A separate review of the medical literature supported the discovery by identifying four other case studies with similar pathology and past surgical history. As these patients were all men with a history of head trauma, research teams had previously speculated that those were correlated.
The new study suggests otherwise, as all patients had a history of childhood neurosurgery, three were women and only one had a history of head trauma.
In a comparison group of 50 people of similar ages from the same archives, the researchers did not find any amyloid beta pathology and only three had a recorded history of childhood neurosurgery.
Previous work in laboratory animals has shown that tiny amounts of abnormal amyloid beta protein can stick to steel wires and transmit pathology into the animals’ brains, but this paper is the first to suggest the same may be possible in humans.
Paper: “Evidence of amyloid-β cerebral amyloid angiopathy transmission through neurosurgery”
Reprinted from materials provided by UCL.
« Prion-like seeding and nucleation of intracellular amyloid-β » has been accepted for publication in Neurobiology of Disease. This work was supported in part by JPND through the DEMTEST project, selected in the 2011 biomarkers call.
Researchers have found that excess levels of calcium in brain cells may lead to the formation of toxic clusters that are the hallmark of Parkinson’s disease. This is the first time it’s been shown that calcium influences the way alpha-synuclein behaves.
The study, published in Nature Communications, found that calcium can mediate the interaction between small membranous structures inside nerve endings, which are important for neuronal signalling in the brain, and alpha-synuclein, the protein associated with Parkinson’s disease. Excess levels of either calcium or alpha-synuclein may be what starts the chain reaction that leads to the death of brain cells.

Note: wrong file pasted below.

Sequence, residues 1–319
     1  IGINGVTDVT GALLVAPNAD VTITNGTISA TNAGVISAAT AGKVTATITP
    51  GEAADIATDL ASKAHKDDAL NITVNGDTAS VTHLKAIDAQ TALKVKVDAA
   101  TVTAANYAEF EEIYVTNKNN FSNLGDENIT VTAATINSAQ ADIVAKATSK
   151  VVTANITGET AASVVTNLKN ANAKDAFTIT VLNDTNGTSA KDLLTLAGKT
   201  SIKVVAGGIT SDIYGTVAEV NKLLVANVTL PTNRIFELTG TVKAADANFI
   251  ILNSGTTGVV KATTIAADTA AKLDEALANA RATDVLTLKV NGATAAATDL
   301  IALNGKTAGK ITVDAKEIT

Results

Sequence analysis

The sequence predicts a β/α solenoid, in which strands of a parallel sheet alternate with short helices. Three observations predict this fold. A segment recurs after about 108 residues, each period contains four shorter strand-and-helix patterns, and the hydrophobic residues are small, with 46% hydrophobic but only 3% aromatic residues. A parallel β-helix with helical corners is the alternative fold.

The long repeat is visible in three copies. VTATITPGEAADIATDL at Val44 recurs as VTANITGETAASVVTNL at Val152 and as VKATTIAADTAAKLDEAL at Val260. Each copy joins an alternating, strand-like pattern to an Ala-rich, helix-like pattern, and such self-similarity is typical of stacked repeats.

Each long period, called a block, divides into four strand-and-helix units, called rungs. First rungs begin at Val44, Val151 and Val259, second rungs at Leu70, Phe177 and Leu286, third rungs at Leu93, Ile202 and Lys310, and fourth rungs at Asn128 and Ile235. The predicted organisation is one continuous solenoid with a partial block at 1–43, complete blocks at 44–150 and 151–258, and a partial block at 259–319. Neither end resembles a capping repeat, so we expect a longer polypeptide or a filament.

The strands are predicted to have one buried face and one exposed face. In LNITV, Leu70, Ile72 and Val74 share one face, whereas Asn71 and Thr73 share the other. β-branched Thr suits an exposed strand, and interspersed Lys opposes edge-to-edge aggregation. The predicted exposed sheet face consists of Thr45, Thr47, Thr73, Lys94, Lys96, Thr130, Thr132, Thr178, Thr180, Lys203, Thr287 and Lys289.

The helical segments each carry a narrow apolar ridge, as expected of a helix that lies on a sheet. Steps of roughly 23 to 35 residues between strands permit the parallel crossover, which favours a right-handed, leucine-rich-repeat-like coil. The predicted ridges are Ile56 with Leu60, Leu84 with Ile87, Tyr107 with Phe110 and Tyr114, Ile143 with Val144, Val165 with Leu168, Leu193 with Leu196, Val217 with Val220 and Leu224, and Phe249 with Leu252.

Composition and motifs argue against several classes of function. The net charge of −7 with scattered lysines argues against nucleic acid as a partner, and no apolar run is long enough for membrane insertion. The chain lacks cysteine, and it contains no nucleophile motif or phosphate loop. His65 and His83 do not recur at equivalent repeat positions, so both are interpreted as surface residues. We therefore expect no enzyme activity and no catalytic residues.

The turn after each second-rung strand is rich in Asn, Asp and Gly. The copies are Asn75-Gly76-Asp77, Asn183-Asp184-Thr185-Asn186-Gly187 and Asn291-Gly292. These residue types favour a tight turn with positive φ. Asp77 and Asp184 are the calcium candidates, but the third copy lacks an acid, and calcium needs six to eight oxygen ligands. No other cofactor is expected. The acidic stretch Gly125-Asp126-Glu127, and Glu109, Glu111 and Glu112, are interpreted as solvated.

Curiously, it hasn’t been clear until now what alpha-synuclein actually does in the cell: why it’s there and what it’s meant to do. Thanks to super-resolution microscopy techniques, it is now possible to look inside cells to observe the behaviour of alpha-synuclein. To do so, the researchers isolated synaptic vesicles, part of the nerve cells that store the neurotransmitters that send signals from one nerve cell to another.
In neurons, calcium plays a role in the release of neurotransmitters. The researchers observed that when calcium levels in the nerve cell increase, such as upon neuronal signalling, the alpha-synuclein binds to synaptic vesicles at multiple points causing the vesicles to come together. This may indicate that the normal role of alpha-synuclein is to help the chemical transmission of information across nerve cells.
Understanding the role of alpha-synuclein in physiological or pathological processes may aid in the development of new treatments for Parkinson’s disease. One possibility is that drug candidates developed to block calcium, for use in heart disease for instance, might also have potential against Parkinson’s disease, the researchers said.
Article: “C-terminal calcium binding of α-synuclein modulates synaptic vesicle interaction”
Reprinted from materials provided by Cambridge University.